Since 2004, Juston Stens had been playing drums for a Philadelphia based rock ‘n’ roll act known as “Dr. Dog”. In the Autumn of 2009, Stens parted ways to pursue his own musical journey. Juston Stens brings with him - from his days as the drummer for Dr. Dog -- many of the traits that are so endearing about that great Philadelphia band, to his new group of choice, Juston Stens & The Get Real Gang. The band's debut EP is laced with situations gone wrong, with one person feeling the brunt of the loss or the neglect, but dealing with it through the thoughts of those needful things in better times. "Lonely Lonely Night," is a song that strips back any unneeded tinsel or garnish, just being as blunt as possible about what's stewing and brewing inside. Stens sings, "Every day without you is gonna be a lonely day," over a lazy cocktail of heavy bass and the backing shakes and jitters that we used to hear in AM radio staples. It's lonesomeness at its most human - when it sounds as if it's just gutting and similarly uplifting or pleasant in some sick way.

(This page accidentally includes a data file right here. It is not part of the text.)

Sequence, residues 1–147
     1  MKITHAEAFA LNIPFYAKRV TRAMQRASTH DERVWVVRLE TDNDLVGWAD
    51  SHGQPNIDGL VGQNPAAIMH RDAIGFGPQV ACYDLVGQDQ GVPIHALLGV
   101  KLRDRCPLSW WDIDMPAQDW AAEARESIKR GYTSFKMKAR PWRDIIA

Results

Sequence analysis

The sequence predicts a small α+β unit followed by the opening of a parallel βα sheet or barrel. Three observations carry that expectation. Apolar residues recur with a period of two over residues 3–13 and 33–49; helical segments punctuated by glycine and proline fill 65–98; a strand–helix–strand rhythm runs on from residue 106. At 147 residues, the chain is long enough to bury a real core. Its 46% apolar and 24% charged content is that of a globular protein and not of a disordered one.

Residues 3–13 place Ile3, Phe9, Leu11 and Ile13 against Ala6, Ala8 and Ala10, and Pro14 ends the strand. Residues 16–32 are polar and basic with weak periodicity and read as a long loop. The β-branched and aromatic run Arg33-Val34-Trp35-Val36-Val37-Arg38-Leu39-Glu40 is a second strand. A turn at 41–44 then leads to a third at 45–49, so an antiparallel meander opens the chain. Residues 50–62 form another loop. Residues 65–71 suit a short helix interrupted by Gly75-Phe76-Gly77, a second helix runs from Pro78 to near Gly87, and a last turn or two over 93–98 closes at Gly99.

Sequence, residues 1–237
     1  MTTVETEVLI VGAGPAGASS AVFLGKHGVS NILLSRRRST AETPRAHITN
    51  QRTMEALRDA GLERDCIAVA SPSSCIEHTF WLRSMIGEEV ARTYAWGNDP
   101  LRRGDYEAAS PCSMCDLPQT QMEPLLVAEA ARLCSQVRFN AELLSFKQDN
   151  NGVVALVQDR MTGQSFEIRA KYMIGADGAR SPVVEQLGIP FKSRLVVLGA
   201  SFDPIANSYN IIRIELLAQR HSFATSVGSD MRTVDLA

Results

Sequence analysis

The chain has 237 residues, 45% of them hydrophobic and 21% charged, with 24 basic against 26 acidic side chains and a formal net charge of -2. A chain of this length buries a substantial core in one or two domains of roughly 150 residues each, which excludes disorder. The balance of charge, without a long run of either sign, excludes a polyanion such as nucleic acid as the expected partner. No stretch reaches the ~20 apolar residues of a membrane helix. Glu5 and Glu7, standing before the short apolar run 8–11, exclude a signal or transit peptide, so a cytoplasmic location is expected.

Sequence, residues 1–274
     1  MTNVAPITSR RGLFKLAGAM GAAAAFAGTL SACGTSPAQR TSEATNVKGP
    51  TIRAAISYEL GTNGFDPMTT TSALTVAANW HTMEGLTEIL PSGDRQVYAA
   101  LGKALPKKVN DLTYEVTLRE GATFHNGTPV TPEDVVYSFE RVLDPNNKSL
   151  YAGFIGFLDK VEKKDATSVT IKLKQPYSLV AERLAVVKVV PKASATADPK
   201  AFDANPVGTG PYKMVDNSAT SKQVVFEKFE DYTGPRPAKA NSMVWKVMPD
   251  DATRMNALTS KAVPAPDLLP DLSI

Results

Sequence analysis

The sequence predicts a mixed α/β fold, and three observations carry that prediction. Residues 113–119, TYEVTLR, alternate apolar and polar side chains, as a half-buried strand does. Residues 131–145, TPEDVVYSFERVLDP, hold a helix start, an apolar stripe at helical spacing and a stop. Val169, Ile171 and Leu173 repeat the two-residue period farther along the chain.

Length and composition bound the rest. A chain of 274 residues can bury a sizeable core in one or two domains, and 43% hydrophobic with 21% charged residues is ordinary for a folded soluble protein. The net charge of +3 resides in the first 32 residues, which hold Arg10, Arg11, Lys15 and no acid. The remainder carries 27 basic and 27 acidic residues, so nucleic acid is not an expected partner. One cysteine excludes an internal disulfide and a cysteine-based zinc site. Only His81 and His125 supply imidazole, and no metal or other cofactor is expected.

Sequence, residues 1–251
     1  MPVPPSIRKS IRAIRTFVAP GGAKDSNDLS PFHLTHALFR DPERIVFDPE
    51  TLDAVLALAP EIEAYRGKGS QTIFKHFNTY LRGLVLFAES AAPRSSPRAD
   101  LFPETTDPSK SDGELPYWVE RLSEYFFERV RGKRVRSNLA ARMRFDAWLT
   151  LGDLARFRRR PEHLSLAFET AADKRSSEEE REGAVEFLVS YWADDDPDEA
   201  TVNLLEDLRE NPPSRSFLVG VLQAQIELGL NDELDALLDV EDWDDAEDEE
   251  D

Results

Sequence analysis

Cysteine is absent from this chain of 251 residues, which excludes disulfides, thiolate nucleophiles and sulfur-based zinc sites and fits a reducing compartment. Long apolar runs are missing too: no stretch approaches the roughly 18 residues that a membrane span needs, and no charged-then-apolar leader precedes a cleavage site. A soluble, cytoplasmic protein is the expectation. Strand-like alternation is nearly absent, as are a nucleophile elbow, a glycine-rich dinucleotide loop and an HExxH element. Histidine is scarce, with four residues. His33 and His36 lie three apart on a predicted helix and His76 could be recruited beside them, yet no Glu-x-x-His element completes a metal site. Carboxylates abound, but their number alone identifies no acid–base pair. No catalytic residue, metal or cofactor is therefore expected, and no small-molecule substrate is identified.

Megan Reilly hails from Memphis, Tennessee, where at age sixteen, she had already started writing, singing,
and playing songs on her guitar. With its rich and tragic history, there's a dark, mysterious quality to life in
Memphis, and that history clearly found its way into Megan's songs from the very start.
At twenty-three, Reilly moved to New York City, and the teenage dreams and demons that fueled her earliest
work had grown into more complicated ghosts. Reilly's songs had grown, and when she sang them alone on